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we have a vendor provided library which has printfs turned on. This is a major annoyance, and we would like to turn it off or disable it someway.

Is there a way to completely disable printfs for everything in this library without access to library source code? We would like to have printfs in other part of the application.

We are using gcc toolchain for an embedded (sh4) platform.


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What is use case of library? If one isolated call, then you may redirect stdout before it and then return it back after it. If you have thousands of calls, then this overhead is too much –  Konstantin Vladimirov Sep 11 '13 at 13:25
Just one place. How to redirect stdout to null? –  Bogi Sep 12 '13 at 14:44
requires some code, will write separate answer below –  Konstantin Vladimirov Sep 13 '13 at 7:51
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2 Answers

up vote 3 down vote accepted

You can hack the library to call a dummy wrapper function instead of the real printf. Here's how you'd do it (assuming the library is distributed as a static library):

  1. Create a file called wrap_printf.c with the following contents:

    int __wrap_printf(const char *fmt, ...) {
        return 0;
  2. Compile the wrapper:

    gcc wrap_printf.c -c -o wrap_printf.o
  3. Unpack the library:

    mkdir libobj; cd libobj; ar x libvendor.a
  4. Relink each vendor object file to use the wrapper:

    for obj in libobj/*.o; do ld --wrap=printf $obj -r -o $obj
  5. Rebuild the library, including the wrapper:

    ar rcs libvendor_noprintf.a wrap_printf.o libobj/*.o
  6. Link your program against the new library as usual

    gcc program.o -lvendor_noprintf -o prog
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We use gcc for sh architecture on Windows. I tried this, but id didn't work. Everything is ok until step 5, in step 5 I get an archive which is smaller than the input archive (2 MB vs 2,5 MB). When I try to compile it, the system complains about the missing functions :( –  Bogi Sep 24 '13 at 7:44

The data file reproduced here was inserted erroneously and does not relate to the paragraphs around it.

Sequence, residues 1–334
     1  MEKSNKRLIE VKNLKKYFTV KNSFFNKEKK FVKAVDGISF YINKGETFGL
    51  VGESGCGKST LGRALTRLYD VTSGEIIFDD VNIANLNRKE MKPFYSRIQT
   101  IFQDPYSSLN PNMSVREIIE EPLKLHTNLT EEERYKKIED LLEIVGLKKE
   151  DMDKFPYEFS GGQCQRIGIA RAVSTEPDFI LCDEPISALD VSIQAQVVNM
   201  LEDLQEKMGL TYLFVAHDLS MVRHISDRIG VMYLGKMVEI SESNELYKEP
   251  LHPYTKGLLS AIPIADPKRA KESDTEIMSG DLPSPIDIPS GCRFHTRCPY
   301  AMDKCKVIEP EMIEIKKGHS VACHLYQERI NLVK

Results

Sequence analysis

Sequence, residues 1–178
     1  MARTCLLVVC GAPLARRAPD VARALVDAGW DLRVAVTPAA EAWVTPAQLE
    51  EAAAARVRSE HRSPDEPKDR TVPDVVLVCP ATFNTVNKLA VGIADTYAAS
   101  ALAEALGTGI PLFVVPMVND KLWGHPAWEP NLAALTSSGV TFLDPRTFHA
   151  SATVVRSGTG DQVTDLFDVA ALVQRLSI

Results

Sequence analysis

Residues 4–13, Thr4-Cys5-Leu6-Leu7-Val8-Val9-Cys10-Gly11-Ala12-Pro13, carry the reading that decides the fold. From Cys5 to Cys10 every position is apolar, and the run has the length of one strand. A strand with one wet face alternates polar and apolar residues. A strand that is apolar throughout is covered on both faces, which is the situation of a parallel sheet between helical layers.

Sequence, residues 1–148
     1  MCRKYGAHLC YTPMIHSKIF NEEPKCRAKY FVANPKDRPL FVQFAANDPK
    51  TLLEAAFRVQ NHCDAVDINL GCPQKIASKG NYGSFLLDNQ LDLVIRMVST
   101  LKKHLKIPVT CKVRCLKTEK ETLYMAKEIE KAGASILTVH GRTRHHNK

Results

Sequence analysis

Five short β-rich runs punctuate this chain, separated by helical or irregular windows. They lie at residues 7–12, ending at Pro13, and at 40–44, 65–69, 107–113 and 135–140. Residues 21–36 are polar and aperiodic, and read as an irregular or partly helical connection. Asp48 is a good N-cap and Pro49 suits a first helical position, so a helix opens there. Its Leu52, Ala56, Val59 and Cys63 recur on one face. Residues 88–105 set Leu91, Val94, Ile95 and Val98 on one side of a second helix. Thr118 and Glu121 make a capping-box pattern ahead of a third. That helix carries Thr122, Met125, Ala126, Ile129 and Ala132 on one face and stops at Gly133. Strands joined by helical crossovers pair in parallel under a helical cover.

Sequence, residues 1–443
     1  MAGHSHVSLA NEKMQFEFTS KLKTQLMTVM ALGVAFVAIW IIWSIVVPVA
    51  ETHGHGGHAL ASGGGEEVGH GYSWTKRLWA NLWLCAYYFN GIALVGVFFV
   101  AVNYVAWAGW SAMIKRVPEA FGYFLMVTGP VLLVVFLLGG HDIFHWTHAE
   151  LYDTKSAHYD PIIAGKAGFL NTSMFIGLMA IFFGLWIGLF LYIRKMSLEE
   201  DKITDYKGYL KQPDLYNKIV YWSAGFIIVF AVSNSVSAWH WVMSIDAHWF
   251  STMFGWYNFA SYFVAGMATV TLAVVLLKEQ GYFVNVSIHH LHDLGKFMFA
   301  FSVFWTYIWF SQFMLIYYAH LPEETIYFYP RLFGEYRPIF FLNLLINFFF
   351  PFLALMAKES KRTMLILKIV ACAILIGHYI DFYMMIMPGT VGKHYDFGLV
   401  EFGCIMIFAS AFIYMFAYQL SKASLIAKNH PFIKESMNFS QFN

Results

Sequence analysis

Ok. I fixed this thanks to your help. In the fifth step, I didn't call the command you called, but ar cr libvendor.a libobj*.o wrap_printf.o This didn't create a new library, but replaced all files from the old library with .o files with printf removed. Now it works :D –  Bogi Sep 24 '13 at 8:32
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In particular case when you have only one place where library is used, you may use freopen to redirect stdout. Try this sample on Linux:

#include <stdio.h>

  printf("This goes to screen\n");
  freopen("/dev/null", "w", stdout);
  printf("This goes to nowhere");
  freopen("/dev/tty", "w", stdout);
  printf("This goes to screen again\n");
  return 0;

Drawback of this method is that it is platform-dependent. On windows you must use "NUL" and "CON" devices instead of "/dev/null" and "/dev/tty"

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We are not using linux, but some proprietary OS (called OS21). I tried this but it didn't work :( –  Bogi Sep 23 '13 at 14:45
You just need to know symbolic names of null and stdout devices. I don't know what OS21 is, if there is no documentation on its device names, then agree, this will not work. –  Konstantin Vladimirov Sep 23 '13 at 15:01
I tried everything I can remember but it didn't work. Maybe the os doesn't support reopening standard devices)... –  Bogi Sep 24 '13 at 7:48
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